Vanderbilt University Profile

Academic Giant among Basketball Giants

As the only ECS university in the SEC, Vanderbilt University is not only searching for basketball talent to compete against powerhouse programs such as Tennessee, Florida, and Texas A&M, but doing so within Ivy League-like academic standards.

Yet even given the academic standards constraints, for Vandy coach Melanie Balcomb the stats tell the story of coaching success. Vandy all time winningest coach, with 11 trips to the NCAA tournament. A 10-1 record in the first round of the NCAA tournament and four Sweet 16 appearances. Three SEC Championships and a 70% winning record. But the stats don't tell the whole story.

Prior to becoming the Vandy head coach, Coach Balcomb spent seven seasons at Xavier University, compiling a 136-78 record during her tenure. Before Xavier, Coach Balcomb took her first head coaching position at Ashland University following three years as an assistant at Providence College.

A native of Cranbury, NJ, Coach Balcomb played her college basketball at another ECS school, The College of New Jersey (then known as Trenton State College), where she set school records for career assists and steals, and she scored over 1,000 points in her collegiate basketball career. Coach Balcomb's basketball education began at an early age. Her father, Alan, was a varsity boy's coach for 30 years at South Brunswick (NJ) High School, and then served as an assistant for four years at Princeton University.

Coach Balcomb stresses the importance of community service to her teams. Examples include visiting with young patients at the Vanderbilt Children's Hospital and volunteering to help clean up flood-damaged areas after the devastating Nashville flood in 2010. Coach Balcomb herself has been active in outreach to the Nashville area, participating in numerous fundraising events including Coaches vs. Cancer, the Race for the Cure, Mercy Ministries, Vanderbilt Children's Hospital and the Girl Scouts of America.

About Vanderbilt
Vanderbilt University is a private research university located in Nashville, Tennessee. Named in honor of shipping and rail magnate "Commodore" Cornelius Vanderbilt, who in 1873 provided the school its initial $1 million endowment. The Commodore hoped that his gift and the greater work of the university would help to heal the sectional wounds inflicted by the Civil War by contributing “to strengthening the ties which should exist between all sections of our common country.” In keeping with the spirit of that initial goal, fully 60% of Vanderbilt’s current students hail from outside the Southeast.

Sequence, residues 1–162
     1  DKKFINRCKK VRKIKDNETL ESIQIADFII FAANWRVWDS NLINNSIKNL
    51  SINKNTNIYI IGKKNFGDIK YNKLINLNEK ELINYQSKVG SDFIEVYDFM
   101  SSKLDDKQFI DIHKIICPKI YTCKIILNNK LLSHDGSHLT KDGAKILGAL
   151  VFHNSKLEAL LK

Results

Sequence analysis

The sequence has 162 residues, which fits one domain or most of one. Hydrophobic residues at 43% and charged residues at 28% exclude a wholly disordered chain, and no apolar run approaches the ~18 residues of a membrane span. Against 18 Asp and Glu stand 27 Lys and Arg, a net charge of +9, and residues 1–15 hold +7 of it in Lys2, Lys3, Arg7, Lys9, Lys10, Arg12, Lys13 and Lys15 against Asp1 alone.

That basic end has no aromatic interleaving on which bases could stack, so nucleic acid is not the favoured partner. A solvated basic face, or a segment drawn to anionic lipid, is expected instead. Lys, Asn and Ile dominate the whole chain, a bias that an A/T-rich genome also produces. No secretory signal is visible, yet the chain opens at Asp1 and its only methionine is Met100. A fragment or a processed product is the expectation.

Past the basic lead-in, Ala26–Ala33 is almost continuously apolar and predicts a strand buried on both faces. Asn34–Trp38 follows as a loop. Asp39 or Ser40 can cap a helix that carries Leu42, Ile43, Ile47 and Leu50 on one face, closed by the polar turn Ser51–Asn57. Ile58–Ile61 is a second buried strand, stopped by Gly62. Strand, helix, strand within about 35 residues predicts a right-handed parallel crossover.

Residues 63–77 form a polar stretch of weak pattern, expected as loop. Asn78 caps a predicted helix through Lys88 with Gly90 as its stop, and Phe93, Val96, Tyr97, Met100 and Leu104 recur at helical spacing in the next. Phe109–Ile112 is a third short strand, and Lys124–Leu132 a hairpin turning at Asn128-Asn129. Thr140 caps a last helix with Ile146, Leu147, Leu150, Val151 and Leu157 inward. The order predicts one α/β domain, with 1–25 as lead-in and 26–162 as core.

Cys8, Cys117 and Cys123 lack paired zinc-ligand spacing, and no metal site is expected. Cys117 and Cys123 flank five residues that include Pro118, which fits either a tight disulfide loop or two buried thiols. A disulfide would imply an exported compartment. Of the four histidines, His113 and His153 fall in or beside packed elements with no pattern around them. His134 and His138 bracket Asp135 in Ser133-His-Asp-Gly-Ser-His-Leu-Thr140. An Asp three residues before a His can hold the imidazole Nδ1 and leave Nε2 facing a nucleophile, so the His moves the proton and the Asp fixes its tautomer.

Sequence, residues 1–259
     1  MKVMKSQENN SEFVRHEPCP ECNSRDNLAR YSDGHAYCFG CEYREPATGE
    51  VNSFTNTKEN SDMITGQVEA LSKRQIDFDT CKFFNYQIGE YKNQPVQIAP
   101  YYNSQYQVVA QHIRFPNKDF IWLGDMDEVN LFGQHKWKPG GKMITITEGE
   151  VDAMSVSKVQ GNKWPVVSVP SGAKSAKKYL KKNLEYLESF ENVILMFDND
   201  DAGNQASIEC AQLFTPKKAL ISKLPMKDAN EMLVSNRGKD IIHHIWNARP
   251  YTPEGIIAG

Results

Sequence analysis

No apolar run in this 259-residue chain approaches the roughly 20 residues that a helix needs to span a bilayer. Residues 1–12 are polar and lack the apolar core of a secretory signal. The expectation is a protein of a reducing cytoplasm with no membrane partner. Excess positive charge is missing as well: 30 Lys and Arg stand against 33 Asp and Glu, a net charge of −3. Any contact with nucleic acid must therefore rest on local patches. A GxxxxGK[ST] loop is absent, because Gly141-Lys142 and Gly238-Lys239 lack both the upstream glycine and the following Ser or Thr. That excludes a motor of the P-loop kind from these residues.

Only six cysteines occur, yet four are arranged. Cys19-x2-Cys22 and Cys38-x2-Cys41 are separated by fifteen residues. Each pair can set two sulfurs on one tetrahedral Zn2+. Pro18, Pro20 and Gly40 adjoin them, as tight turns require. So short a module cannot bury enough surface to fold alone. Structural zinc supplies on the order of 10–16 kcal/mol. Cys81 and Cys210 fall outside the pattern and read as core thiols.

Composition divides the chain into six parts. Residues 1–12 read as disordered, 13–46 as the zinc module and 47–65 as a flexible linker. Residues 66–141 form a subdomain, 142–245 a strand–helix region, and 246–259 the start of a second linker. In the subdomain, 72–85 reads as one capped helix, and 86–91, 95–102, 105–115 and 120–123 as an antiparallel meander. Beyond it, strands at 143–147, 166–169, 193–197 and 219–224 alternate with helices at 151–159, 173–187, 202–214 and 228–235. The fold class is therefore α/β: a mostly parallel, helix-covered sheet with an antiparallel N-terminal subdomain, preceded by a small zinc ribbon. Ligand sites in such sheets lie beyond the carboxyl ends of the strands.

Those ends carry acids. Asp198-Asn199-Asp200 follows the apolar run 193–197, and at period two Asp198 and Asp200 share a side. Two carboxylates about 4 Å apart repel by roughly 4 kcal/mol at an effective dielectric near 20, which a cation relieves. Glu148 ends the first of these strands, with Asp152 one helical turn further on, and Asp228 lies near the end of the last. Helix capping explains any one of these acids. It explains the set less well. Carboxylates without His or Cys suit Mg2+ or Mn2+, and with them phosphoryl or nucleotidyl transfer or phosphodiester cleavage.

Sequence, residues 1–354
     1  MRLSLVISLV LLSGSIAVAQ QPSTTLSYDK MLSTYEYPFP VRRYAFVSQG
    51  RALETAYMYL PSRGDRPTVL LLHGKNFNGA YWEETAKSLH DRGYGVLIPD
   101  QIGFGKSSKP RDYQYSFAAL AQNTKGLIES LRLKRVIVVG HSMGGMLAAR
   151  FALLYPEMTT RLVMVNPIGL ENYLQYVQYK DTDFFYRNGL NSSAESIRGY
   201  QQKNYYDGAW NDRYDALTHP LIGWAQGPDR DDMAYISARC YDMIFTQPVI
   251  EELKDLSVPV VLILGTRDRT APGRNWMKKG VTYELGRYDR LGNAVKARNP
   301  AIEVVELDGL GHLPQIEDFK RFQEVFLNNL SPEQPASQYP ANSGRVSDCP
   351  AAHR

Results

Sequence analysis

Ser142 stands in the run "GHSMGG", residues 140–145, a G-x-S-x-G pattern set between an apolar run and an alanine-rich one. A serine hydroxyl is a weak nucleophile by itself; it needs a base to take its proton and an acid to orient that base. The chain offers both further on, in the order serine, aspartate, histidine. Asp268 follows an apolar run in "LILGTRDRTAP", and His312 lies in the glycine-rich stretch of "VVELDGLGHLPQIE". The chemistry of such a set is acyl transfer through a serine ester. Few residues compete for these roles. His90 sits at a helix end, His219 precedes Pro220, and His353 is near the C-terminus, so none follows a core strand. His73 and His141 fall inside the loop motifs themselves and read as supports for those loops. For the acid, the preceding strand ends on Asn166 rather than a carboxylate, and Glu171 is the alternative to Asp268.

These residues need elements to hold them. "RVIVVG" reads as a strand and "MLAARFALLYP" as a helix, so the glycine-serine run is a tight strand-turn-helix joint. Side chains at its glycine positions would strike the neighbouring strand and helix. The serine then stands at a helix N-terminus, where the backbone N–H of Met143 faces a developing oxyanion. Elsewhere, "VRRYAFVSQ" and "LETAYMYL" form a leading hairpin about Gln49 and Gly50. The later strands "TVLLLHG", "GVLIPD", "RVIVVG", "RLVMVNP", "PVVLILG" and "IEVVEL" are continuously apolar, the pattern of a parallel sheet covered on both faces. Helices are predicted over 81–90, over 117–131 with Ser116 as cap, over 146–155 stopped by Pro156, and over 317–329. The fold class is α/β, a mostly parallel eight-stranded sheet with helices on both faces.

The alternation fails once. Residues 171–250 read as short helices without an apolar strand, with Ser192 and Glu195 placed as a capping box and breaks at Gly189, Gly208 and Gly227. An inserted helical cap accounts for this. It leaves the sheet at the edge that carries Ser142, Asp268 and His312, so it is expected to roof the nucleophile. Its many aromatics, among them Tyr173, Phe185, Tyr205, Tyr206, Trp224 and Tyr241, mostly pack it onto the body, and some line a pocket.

Vanderbilt participates in the NCAA's Division I and the Southeastern Conference (SEC), a powerhouse in women's DI basketball. BennettRank.com ranks the SEC as the third most competitive women’s basketball conference in the country. Vanderbilt consistently ranks in the top 20 universities in the U.S. It has an undergraduate enrollment of approximately 6,800 and total enrollment of around 12,000. Despite its urban surroundings, the campus itself is a national arboretum sitting on 333 acres about 1.5 miles from downtown Nashville.

Vanderbilt is comprised of 10 schools and colleges covering disciplines from the humanities to music to engineering. Among its graduate programs are the top-ranked Peabody College of Education and Human Development, which also offers undergraduate programs, and the highly ranked Owen Graduate School of Management, School of Engineering, Law School, School of Medicine and School of Nursing. Vanderbilt is also well known for its undergraduate Blair School of Music, and the Vanderbilt University Medical Center is ranked one of the best in the nation.